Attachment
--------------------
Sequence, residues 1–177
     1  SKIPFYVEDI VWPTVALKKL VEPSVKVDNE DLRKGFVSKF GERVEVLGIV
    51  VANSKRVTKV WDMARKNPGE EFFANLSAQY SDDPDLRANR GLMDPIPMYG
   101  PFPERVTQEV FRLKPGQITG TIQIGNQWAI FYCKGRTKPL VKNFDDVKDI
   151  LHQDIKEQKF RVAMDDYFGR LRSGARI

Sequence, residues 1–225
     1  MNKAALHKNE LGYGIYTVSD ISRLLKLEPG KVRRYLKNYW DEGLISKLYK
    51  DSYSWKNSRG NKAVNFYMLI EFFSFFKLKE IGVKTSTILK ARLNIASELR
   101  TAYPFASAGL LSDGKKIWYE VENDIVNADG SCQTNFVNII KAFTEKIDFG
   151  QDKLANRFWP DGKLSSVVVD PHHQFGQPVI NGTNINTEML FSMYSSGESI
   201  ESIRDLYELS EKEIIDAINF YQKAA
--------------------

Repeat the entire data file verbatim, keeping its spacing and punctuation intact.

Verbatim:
Sequence, residues 1–177
     1  SKIPFYVEDI VWPTVALKKL VEPSVKVDNE DLRKGFVSKF GERVEVLGIV
    51  VANSKRVTKV WDMARKNPGE EFFANLSAQY SDDPDLRANR GLMDPIPMYG
   101  PFPERVTQEV FRLKPGQITG TIQIGNQWAI FYCKGRTKPL VKNFDDVKDI
   151  LHQDIKEQKF RVAMDDYFGR LRSGARI

Sequence, residues 1–225
     1  MNKAALHKNE LGYGIYTVSD ISRLLKLEPG KVRRYLKNYW DEGLISKLYK
    51  DSYSWKNSRG NKAVNFYMLI EFFSFFKLKE IGVKTSTILK ARLNIASELR
   101  TAYPFASAGL LSDGKKIWYE VENDIVNADG SCQTNFVNII KAFTEKIDFG
   151  QDKLANRFWP DGKLSSVVVD PHHQFGQPVI NGTNINTEML FSMYSSGESI
   201  ESIRDLYELS EKEIIDAINF YQKAA